gone through significant review and examination before they were              
 Number 842                                                                    
 REPRESENTATIVE ALAN AUSTERMAN asked whether the EPA standards are             
 tougher than the state of Alaska standards.                                   
 Number 853                                                                    
 MS. CROCKETT said the state rules are consistent with the federal             
 rules to remain in compliance and said the state could not keep its           
 programs unless the rules were, at least, as stringent as the                 
 federal requirements.                                                         
 Number 876                                                                    
 ROBERT F. McLEAN, Habitat Biologist, Habitat and Restoration                  
 Division, Alaska Department of Fish and Game, was next to testify.            
 He asked for clarification about the state moving toward a dissolve           
 parameter for toxins and metals.  He said EPA's criteria is,                  
 currently, totally accountable.  He asked, to what extent would               
 putting this parameter in statute limit the state's ability to go             
 to a representative analysis of metals.                                       
 Number 911                                                                    
 REPRESENTATIVE ROKEBERG felt Mr. McLean was addressing the arsenic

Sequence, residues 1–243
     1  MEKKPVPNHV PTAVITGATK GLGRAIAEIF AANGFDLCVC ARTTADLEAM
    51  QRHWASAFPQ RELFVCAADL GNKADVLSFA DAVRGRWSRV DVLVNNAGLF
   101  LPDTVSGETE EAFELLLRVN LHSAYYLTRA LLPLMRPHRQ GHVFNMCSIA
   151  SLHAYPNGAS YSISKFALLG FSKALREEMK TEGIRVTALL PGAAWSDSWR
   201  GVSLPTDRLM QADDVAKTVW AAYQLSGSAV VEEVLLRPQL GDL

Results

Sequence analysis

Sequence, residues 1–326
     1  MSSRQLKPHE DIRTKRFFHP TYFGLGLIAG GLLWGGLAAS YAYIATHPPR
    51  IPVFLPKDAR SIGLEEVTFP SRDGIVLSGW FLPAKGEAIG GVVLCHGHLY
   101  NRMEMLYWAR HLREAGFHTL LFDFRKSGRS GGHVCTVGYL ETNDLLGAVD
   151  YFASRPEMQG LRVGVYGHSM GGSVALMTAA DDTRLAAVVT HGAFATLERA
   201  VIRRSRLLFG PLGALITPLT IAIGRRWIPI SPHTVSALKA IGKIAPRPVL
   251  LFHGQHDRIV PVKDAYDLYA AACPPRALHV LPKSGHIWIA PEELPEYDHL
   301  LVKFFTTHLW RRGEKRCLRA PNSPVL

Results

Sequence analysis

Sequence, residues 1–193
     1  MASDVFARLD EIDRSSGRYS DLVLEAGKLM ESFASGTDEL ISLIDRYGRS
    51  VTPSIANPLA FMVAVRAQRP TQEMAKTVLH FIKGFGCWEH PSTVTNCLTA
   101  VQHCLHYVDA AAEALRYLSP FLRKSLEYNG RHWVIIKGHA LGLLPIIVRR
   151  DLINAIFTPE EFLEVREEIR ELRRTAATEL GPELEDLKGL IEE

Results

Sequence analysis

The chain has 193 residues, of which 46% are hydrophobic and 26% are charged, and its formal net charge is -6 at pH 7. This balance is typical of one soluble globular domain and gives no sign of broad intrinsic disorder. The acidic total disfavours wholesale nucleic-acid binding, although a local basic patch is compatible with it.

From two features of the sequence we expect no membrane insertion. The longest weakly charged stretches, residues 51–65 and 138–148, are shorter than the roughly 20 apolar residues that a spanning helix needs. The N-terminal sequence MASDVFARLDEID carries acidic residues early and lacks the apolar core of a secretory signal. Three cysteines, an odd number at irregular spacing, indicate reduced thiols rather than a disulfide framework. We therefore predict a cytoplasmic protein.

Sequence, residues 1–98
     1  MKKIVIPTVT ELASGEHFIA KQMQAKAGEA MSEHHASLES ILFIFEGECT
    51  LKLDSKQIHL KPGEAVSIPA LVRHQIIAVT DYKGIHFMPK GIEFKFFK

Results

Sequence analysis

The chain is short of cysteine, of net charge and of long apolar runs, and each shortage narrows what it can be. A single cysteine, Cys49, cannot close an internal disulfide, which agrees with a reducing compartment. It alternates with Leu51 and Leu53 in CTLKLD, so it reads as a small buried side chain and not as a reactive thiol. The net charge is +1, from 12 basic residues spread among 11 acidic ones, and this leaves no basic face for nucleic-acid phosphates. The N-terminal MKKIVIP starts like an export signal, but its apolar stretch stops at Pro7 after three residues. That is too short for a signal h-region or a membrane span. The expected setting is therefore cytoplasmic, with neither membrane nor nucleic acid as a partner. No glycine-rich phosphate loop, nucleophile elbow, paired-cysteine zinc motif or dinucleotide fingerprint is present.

situation and how that fits in with (indisc.).                                
 Number 923                                                                    
 SUSAN BRALEY, Section Chief, Water Quality Technical Services,                
 Division of Air and Water Quality, Department of Environmental                
 Conservation, replied that she had just received CSHB 342 and had             
 not had the chance to look at it and fully assess the language to             
 see how it would fit with the DEC's statutes.                                 
 MS. BRALEY said that she was not sure how to answer Mr. McLean's              
 question at this time but she could check with DEC staff and                  
 respond.  "Right now, what we are doing with the water quality                
 standards, we are doing a lot of evaluation and a lot of research.            
 There was a question raised about total suspended solids and                  
 whether we need a standard in Alaska.  I do not believe that EPA              
 has a standard for suspended solids.  They have monitoring                    
 requirements but I do not believe that they have an actual                    
 standard, but I would need to check with my technical staff.  We do           
 not, at this time, our standard for sediment, in the water quality            
 standards, is a settleable solids method using the Imhoff Cone                
 method.  During the Sierra Club Legal Defense Fund (SCLDF) petition           
 that was filed in January, they raised questions about whether the            
 state needed to have total suspended solids.  They actually were              
 suggesting that we need to go back and make immediate changes to              
 the regulations to  include total suspended solids."                          
 Number 1054                                                                   
 MS. BRALEY informed, "What we committed to in August, when the                
 Governor's Office met with four representatives of both development           
 and environmental groups, we agreed to do a study and come out with           
 a report in July on the need for a total suspended solids criteria            
 and the other thing we are researching is the need for particulate            
 petroleum hydrocarbon criteria.  Both of those studies have been              
 delegated to staff who have expertise in that particular area and             
 we are actively working on it now."                                           
 Number 1086                                                                   
 MS. BRALEY said, "I can't say, to answer Mac's question, whether or